Interest rates are a key feature of many credit cards and play a big part in the potential fees you may be charged for carrying a balance.
If you already carry a balance on your credit card, you’re likely being hit with high interest charges that make it harder to pay off debt. The average APR for all credit card accounts is 14.87%, and rises to 16.88% for accounts assessed interest, according to the latest data from the Fed. But APR can be near 30% for some accounts, especially for consumers with bad or average credit (scores below 670).
You should understand the situations where you may incur interest charges and consider low interest or 0% APR credit cards if you have a history of carrying a balance or plan to finance new expenses.
Below, CNBC Select breaks down what you need to know about interest rates and how to find the lowest interest rates for credit cards.
What is an interest rate?
Card issuers refer to your credit card’s interest as your annual percentage rate (APR). An APR is the interest you’re charged for borrowing money against your credit limit.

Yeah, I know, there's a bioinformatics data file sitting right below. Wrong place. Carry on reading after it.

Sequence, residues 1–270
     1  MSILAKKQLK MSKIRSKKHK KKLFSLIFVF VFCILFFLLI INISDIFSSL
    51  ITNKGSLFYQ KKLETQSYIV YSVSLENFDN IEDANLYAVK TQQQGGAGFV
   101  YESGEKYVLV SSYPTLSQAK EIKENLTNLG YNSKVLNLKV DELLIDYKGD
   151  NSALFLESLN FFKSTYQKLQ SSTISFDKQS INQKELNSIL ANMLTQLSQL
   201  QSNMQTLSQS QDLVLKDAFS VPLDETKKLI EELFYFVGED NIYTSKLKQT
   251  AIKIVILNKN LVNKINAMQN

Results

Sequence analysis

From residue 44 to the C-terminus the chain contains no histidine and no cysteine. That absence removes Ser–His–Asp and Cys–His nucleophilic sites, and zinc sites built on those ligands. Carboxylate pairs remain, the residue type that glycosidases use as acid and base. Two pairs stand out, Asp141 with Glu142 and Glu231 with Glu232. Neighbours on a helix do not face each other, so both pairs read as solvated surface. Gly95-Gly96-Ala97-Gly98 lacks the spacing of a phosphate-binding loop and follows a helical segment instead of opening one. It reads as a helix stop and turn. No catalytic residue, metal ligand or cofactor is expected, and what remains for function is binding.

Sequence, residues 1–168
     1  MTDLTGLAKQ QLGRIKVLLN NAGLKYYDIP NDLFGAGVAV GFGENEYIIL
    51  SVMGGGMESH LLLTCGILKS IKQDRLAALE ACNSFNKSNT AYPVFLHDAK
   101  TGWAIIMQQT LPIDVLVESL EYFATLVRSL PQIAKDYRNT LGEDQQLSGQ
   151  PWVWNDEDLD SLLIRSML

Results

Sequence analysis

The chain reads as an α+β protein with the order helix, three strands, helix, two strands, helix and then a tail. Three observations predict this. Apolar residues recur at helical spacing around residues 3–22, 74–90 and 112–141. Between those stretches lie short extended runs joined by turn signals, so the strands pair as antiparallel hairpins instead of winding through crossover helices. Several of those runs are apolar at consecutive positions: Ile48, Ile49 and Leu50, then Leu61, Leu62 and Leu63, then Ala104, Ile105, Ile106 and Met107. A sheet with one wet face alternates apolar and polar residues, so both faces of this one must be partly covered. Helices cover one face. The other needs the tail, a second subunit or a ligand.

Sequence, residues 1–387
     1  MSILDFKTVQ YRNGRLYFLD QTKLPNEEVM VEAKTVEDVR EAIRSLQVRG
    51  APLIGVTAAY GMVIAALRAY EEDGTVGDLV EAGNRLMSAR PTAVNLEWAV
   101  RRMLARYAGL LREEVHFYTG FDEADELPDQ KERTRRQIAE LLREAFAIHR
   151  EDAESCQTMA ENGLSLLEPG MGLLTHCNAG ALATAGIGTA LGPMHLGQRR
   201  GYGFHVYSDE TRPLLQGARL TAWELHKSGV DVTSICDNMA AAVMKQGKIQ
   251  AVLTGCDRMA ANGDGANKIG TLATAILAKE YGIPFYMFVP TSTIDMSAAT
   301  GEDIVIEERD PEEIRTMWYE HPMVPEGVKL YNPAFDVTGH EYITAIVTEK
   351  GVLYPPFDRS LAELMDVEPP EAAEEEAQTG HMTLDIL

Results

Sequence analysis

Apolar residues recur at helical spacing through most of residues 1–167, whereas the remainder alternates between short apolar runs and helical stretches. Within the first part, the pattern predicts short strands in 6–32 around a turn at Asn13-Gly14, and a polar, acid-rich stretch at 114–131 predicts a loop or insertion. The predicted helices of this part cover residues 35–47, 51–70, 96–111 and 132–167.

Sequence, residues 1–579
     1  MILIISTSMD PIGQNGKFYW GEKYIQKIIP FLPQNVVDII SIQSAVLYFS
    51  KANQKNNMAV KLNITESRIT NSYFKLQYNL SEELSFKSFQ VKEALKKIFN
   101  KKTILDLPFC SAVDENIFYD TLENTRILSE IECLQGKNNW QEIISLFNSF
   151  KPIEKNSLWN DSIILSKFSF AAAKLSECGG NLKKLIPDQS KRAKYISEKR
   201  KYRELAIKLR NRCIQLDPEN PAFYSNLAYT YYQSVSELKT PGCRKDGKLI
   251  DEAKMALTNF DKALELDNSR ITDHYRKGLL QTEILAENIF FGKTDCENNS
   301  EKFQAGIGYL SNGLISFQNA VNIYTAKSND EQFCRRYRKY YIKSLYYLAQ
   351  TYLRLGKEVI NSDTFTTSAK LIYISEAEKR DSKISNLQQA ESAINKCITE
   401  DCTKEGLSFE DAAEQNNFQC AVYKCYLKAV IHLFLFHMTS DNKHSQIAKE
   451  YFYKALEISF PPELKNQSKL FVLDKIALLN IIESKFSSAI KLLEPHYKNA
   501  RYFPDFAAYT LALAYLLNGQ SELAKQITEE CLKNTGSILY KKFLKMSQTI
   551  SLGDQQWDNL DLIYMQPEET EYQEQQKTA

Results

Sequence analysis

In most cases, you won’t be charged interest if you pay off your credit card balance on time and in full each billing cycle. This applies to new purchases and typically excludes other transactions, such as balance transfers and cash advances, which often incur interest charges right away.
While card issuers express your interest rate annually, you can find the monthly interest rate, if you divide your APR by 12.
Let’s say you have an 18.74% APR: Divide by 12 to get 1.562% as your monthly interest rate. This means that whatever balance you carry on your credit card account will be charged a fee of 1.562% in addition to your payment. If your account balance is $3,000 during the month of July, you will pay $46.86 in interest for that month…Read more>>